The way of the Cross is the way to enter the Fortress and the way to stay within it. By that I mean to say along with the ancient church and the sainted Rev. Dr. Martin Luther that by grace you are saved through faith, and that this faith comes by scripture (God’s Holy Word, both the Law and the gospel) alone.  Christ’s death and resurrection is a fact that scripture proclaims, but it is a fact that you must both receive and believe.  But you cannot do this on your own; it must be received from God as a gift.  It is a gift that comes from the very heart of God the Father, and it is given through the sacrifice of His Son, but your heart must be taught to both desire and trust this gift of God, and that work is done through the power of the Holy Spirit through scripture alone.

It is Holy Scripture that teaches us the difference between God’s Law and His Gospel.  We are saved by the gospel, God’s work for us sinful men, but we are sustained and led by His Law, which teaches and moves us to love God and our neighbor just as Jesus loves.  The law and gospel work together though in different an opposite ways. (1) The Law teaches us the knowledge of sin, but the Gospel gives us forgiveness of sin; (2) the Law teaches what good works are, but the gospel produces true joy and both and desire and zeal to do those good works; (3) the Law checks our outward sinful behavior, and increases our inward secret sins, but the Gospel destroys both our outward sin and our inward sin.  So the difference between these two works of God can be explained this way, “The law tells us what we must do to be saved and the Gospel does that work for us and through us.”  Or another way to say this is that “The law kills the sinner, but not sin; the gospel kills sin, but not the sinner.”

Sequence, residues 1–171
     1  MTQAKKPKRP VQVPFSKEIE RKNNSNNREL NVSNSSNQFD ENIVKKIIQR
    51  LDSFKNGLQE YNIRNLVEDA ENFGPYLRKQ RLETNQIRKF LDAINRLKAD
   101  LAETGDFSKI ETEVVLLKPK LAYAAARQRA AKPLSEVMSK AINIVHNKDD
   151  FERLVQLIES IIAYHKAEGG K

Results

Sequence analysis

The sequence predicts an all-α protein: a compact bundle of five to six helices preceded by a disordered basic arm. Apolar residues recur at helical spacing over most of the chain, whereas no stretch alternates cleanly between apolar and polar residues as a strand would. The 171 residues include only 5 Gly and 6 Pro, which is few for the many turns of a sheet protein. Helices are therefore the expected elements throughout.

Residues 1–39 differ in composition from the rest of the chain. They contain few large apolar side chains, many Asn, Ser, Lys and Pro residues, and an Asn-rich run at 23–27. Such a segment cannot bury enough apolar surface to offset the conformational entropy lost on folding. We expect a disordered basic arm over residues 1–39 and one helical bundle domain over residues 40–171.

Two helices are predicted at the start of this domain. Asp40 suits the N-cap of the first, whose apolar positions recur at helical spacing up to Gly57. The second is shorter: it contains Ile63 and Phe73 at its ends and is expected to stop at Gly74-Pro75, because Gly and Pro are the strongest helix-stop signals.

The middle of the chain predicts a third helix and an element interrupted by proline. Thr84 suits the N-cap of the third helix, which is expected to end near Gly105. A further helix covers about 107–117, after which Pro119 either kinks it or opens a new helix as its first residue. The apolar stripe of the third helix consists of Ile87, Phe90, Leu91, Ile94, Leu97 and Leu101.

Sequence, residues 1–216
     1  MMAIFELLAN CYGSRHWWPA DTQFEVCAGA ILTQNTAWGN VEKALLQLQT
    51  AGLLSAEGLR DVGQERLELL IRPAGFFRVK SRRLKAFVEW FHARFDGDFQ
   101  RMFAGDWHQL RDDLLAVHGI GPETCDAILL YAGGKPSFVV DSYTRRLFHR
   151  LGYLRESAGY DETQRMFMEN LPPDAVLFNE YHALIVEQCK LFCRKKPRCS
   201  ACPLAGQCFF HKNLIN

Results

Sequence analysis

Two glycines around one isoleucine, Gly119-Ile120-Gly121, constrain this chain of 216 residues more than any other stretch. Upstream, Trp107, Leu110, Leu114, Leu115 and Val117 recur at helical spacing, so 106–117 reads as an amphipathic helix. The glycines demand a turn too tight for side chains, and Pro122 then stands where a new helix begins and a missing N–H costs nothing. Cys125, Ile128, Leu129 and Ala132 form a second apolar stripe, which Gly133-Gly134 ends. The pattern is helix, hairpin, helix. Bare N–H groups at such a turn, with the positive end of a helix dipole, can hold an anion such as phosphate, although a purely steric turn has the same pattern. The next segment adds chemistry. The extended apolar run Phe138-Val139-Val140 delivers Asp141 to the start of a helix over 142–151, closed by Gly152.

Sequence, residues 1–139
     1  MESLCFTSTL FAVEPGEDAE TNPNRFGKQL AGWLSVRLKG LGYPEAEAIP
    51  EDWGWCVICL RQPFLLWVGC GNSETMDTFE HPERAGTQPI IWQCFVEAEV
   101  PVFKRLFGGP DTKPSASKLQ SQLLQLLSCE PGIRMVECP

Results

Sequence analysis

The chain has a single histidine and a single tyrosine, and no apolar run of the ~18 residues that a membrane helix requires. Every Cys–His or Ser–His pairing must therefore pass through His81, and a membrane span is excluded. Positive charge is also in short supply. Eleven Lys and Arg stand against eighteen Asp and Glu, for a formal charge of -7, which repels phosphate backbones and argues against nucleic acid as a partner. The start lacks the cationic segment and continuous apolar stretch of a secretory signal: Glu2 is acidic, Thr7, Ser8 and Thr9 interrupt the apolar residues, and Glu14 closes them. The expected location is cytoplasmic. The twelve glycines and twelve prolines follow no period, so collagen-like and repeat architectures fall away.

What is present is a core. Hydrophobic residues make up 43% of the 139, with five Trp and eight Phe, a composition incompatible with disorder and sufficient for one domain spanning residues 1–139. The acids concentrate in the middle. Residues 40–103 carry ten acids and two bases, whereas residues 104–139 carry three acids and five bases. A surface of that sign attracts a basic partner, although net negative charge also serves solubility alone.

This morning, you have been gathered together as a ragtag bunch of ragamuffins who have been saved by grace, through faith, which comes to you in God’s Word through the Law and Gospel.  You have been gathered into the Mighty Fortress of God.  And now you are called to both rest within this Mighty Fortress and to live, breath, and find your identity within it.  And our identity is shaped by a few central thoughts.  The first one is this, God does not need your love, He desires it; He wants you to be in a relationship of love with Him through His Son, Jesus Christ.  And the second thought is like the first, in that God does not need your good works, your fulfillment of His law, but your neighbor does!  Your neighbor needs you to help them, and you help them when you keep the law of God; when you do your very best unto the Lord.  You see friends; God wants you to allow His love to overtake you so that you will willingly commit yourself to Him and your neighbor.